Ganesh Chaturthi 2020 Date



                                                   

Ganesh Chaturthi 2020 Date and Time

Ganesh Chaturthi 2020
is a celebration of the birth of Lord Ganesha, the God of knowledge, wealth and fortune. It is said that before starting again, worshiping Lord Ganesha is of extreme importance. His blessing not only gives strength and wisdom to progress, but also avoids the obstacles which can become obstacles to success.

When is Ganesh Chaturthi 2020 celebrated?
Ganesh Chaturthi is usually a 10-day festival which starts Shukla Paksha Chaturthi (the fourth day of the waking moon) in the month of Bhadrapada according to the Indian calendar. It usually occurs between 19 August to 20 September on the English calendar. The festival of Ganesh Chaturthi ends on the fourteenth day of Anant Chaturdashi, Bhadrapada Shukla Paksha.

Ganesh Chaturthi 2020 Date festival


Other names for Ganesh Chaturthi
Ganesh Chaturthi is known by different names. In North India, Ganesh Chaturthi (Hindi: Ganesh Chaturthi, Gujarati: Ganesh Chaturthi,) is popular, in Maharashtra the festival is also known as Ganeshotsav (Vivah: Ganeshotsav). In Andhra Pradesh and Telangana, the name Vinayaka Chavithi (Telugu: and ang) and Vinayaka Chaturthi (Tamil: விநாயக த்த்தி) is popular in Tamil Nadu. Whatever the name, sentiment and enthusiasm of Ganesh Chaturthi, it is common throughout the country.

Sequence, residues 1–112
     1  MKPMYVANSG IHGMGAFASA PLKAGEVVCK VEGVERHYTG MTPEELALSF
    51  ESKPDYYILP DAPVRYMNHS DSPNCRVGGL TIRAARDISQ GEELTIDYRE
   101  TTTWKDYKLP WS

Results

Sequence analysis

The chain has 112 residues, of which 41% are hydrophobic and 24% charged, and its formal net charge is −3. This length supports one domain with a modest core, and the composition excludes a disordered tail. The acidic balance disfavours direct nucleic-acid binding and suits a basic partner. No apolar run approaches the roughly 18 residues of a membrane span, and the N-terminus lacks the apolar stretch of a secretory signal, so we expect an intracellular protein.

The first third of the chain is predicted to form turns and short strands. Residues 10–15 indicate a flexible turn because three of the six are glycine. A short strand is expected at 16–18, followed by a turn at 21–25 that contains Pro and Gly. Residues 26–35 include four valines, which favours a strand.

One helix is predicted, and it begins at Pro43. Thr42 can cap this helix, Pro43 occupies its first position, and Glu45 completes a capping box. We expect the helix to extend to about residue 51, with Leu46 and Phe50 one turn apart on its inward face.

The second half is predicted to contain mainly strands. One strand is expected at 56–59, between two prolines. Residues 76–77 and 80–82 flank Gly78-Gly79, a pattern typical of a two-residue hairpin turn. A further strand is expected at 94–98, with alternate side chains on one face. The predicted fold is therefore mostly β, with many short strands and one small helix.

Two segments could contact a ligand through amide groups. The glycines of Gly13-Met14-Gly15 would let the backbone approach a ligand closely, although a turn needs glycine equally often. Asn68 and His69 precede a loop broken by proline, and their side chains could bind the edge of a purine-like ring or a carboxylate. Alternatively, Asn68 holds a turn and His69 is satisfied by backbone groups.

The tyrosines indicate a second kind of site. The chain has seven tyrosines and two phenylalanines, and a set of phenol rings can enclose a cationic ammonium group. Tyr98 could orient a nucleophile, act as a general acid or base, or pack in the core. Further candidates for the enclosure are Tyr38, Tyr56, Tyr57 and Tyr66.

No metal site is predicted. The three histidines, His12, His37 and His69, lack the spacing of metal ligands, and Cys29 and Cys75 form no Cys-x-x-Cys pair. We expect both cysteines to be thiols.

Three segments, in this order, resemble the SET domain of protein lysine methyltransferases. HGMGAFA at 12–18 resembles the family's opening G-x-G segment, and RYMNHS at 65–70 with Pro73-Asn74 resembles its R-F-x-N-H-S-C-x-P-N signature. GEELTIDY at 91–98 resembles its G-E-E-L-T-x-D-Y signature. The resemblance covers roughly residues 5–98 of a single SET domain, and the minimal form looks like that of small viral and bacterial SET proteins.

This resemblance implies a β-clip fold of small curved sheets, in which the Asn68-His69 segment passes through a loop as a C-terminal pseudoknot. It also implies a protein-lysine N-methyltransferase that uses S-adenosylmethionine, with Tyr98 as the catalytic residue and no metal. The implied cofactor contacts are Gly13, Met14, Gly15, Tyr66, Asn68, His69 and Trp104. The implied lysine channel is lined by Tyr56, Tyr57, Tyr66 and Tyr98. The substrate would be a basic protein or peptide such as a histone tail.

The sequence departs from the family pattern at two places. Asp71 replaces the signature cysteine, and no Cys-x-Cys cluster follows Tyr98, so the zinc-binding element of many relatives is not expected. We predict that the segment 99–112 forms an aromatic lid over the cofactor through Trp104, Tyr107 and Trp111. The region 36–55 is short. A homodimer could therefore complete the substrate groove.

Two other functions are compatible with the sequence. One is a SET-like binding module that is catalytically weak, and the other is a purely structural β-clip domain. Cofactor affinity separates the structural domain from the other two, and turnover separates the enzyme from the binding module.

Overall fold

Story behind Ganesh Chaturthi 2020
According to mythology, Ganesha was created by Goddess Parvati using sandalwood paste, which he used for bathing. Being the god of power, he developed Ganesha with such force that even the gods could not fight him. During such a war between the gods, Lord Shiva accidentally beheaded Ganesha, inciting Parvati's wrath. To satisfy his wife, Lord Shiva and other gods put the head of an infant elephant on the trunk of Ganesha. This is why Lord Ganesha was created with the head of an elephant. On this auspicious day of Ganesh Chaturthi, Lord Shiva announced that Ganesha would be the only deity to be worshiped before any other god. He will always be worshiped as a symbol of wisdom, intelligence and power.

Different tributes are paid to Prabhu, including the traditional "modak", a conical candy made of coconut and jaggery. Other items such as coconut, jaggery, durva (a special type of three-blade herb) and red flowers are also used for worship.

Traditionally, 21 modaks and 21 durvas are required for worship.

On the 11th day, the idols are immersed in water and said goodbye. This "immersion" takes place before the funeral procession of divinity with coconuts and flowers; It is usually associated with long processions and a huge crowd.

In Andhra Pradesh, turmeric and plaster of Paris, along with the common clay idols of Ganesha, are also used to make the idols, which are then worshiped. Special sweet dishes are made for worship. Kudumu is the localized version of "Modak"; Other items include panakam (a spicy drink with cardamom), vadappu (soaked lentils) and shalvidi (sweet rice preparation).